The world is facing a silent epidemic of diabetes that claims around 42 lakh lives around the world every year. Globally, around 53 crore adults are living with this disease and facing the risks of blindness, kidney failure, heart attacks, stroke and lower limb amputation that can result as complications of this condition.
India shoulders a burden of over 7 crore diabetics, ranking it second place globally. While we are aware that diabetes or diabetes mellitus affects various parts of the human body, the chronic disease also harms our eyes and results in a condition called Diabetic Retinopathy which could lead to an irreversible deterioration in vision. This complication of diabetes is caused by increased sugar levels that lead to damage to the retina. Diabetic retinopathy is prevalent in around 17% of the Indian Diabetic population. When left untreated, this can cause permanent blindness adding to the socio-economic burden of the country.
Early detection is key to managing any disease and so is it when it comes to the prevention of permanent vision loss due to diabetic retinopathy. Studies have shown a high prevalence of vision-threatening diabetic retinopathy (VTDR) in India, with 4% of diabetics aged above 40, and around 3 million diabetics estimated to be at risk of blindness. The numbers clearly indicate the urgent need for spreading awareness about Diabetic Retinopathy and for effective screening and management to be made accessible across the country.
Today, innovation in medical technology has progressed in the identification of risks of developing diabetes with AI algorithms and early detection with flash glucose monitors. One of the key inventions to aid early diagnosis of Diabetic Retinopathy is the development of the Non-mydriatic Fundus Camera.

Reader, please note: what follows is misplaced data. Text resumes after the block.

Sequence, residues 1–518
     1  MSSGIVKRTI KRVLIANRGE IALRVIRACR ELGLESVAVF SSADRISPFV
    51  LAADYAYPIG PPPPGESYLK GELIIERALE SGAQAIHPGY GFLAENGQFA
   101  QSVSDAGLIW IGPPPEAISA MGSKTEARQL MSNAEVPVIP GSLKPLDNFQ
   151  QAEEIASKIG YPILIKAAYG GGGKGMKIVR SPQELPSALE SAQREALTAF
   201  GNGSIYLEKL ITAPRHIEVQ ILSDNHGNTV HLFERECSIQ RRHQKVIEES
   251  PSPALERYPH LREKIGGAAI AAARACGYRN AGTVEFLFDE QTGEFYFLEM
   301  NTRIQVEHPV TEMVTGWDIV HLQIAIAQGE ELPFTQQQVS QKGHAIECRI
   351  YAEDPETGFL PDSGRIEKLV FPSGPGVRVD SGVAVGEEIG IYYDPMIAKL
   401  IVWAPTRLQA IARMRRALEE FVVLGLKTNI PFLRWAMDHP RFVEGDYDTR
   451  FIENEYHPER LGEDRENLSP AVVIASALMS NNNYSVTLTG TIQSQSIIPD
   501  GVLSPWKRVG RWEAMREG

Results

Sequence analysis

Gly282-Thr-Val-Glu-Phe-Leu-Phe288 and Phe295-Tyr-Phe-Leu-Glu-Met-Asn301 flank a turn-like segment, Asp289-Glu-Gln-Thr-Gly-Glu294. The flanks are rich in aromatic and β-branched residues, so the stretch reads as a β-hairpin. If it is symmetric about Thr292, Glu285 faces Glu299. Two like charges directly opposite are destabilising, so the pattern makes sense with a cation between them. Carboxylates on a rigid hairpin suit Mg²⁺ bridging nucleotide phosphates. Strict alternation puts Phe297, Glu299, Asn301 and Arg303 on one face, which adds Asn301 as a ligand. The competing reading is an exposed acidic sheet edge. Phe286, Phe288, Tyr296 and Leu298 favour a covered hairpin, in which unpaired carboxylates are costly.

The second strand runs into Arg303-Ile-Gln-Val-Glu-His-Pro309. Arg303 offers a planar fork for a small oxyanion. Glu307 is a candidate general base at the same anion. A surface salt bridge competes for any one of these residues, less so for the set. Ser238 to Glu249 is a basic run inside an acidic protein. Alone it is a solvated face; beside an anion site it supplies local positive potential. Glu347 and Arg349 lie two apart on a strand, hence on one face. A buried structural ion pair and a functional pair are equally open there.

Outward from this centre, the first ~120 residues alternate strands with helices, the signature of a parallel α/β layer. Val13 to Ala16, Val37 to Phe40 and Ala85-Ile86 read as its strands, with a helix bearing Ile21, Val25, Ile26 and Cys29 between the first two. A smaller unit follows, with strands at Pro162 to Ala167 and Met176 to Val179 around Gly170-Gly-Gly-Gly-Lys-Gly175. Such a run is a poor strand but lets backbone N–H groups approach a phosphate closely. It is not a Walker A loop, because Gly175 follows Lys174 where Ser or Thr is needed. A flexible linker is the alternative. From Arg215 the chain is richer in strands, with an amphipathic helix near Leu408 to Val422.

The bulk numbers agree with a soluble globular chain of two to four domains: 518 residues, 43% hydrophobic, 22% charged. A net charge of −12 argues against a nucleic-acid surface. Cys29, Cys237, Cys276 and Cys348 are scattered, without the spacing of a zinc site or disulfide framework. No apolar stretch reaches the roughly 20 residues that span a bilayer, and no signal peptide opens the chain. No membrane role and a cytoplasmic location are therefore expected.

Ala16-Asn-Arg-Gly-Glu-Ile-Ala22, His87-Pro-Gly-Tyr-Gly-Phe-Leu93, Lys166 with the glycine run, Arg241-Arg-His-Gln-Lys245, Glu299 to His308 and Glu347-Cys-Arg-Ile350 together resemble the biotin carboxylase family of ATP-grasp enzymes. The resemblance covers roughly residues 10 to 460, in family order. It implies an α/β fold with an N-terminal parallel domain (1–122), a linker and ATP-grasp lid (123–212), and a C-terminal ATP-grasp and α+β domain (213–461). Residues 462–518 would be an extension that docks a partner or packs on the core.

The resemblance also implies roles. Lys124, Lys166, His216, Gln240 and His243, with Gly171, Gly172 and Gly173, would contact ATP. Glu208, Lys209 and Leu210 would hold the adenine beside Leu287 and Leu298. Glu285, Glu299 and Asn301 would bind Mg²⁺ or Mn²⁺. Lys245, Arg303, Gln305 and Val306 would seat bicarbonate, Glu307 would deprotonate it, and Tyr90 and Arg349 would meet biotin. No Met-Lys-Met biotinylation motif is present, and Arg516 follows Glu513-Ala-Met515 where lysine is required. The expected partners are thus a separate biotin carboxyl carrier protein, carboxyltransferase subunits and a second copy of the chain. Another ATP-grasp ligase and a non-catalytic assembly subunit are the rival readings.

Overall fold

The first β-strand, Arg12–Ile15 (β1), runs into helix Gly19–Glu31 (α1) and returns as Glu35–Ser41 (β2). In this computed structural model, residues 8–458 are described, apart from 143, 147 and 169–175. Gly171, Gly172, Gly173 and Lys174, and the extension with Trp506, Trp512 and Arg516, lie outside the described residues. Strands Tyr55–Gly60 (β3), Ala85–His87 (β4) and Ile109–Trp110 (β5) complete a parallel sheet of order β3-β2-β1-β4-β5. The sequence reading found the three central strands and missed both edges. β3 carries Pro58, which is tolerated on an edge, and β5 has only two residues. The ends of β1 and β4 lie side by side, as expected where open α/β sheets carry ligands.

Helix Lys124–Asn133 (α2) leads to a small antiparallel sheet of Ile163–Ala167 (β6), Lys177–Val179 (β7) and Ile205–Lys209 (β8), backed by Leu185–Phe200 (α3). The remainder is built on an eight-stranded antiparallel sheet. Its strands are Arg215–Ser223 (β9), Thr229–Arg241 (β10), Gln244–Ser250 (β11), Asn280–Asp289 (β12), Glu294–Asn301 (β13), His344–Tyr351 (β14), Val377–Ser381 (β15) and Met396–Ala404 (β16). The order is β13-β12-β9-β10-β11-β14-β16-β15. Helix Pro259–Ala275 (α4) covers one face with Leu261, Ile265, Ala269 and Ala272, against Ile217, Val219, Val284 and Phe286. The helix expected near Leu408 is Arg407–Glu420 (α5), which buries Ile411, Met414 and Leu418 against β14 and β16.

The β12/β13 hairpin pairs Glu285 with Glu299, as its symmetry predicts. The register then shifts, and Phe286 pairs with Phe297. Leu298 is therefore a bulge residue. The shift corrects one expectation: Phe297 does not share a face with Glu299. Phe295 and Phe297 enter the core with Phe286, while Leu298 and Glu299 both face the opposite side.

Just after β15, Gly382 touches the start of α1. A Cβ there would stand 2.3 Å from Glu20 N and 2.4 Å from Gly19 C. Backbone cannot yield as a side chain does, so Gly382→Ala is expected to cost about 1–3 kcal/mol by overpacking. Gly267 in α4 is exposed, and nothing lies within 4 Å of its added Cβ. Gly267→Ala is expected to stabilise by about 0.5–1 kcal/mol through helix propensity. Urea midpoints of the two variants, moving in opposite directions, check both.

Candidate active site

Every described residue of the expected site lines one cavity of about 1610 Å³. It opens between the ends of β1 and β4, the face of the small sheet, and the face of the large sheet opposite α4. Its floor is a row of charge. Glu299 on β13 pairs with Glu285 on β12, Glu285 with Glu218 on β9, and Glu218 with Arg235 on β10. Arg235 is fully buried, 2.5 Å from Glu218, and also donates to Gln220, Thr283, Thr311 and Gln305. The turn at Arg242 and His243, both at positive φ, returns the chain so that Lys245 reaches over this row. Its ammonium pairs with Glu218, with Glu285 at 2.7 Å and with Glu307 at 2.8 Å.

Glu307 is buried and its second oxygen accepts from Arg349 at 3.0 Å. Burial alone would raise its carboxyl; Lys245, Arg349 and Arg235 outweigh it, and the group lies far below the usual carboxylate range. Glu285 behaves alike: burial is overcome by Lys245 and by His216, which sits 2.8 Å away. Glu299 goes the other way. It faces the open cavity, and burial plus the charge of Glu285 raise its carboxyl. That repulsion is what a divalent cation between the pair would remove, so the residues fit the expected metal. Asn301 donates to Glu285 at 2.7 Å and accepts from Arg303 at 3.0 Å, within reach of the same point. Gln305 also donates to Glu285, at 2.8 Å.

The Non-mydriatic Fundus Camera (NMFC) captures high-resolution images of the retina. Timely identification of Diabetic Retinopathy in patients with this technology can help in the early initiation of management and treatment of the disease and prevention of permanent vision loss. If any retinopathy is detected, the patient can then be referred to a retina specialist and vision loss can be avoided. Such technology when put to use can positively impact India’s eye-care landscape.
Additionally, NMFC also captures a large amount of data that is key to driving further research in the treatment of Diabetic Retinopathy. This helps ophthalmologists to monitor the progression of the disease and the effect of the treatment using this technology.
Standard eye check-ups involve dilating the pupil with eye drops. This process has minor disadvantages and takes 10-20 minutes for the drops to take effect, blurs the patient’s vision and makes the patient sensitive to light for many hours post-dilation. NMFC overcomes these disadvantages by capturing images of the retina without pharmacological pupil dilation. This helps patients observe the condition of their retina and get instant awareness for a quick referral to the specialists who can identify and initiate necessary treatment if needed on an immediate basis.
Hence, NMFC is a successful example of how technology and innovation can help in addressing a major health challenge called diabetic retinopathy. It is for public and private healthcare to take the initiative and adopt this technology on a large scale. This is being adopted as a protocol in several eye hospitals. Every eye check for adults should include an NMFC report and especially diabetics must undergo screening for diabetic retinopathy at least once a year.
Introducing such technology across healthcare settings from Primary Health Centres to community-based screening, and from opportunistic screening usually done in clinics, pharmacies or medical laboratories to hospitals. As many patients with diabetes are asymptomatic, detection of diabetic retinopathy can also lead to the diagnosis of diabetes and help fulfil the vision of a diabetes-free India.
Views expressed above are the author’s own.
END OF ARTICLE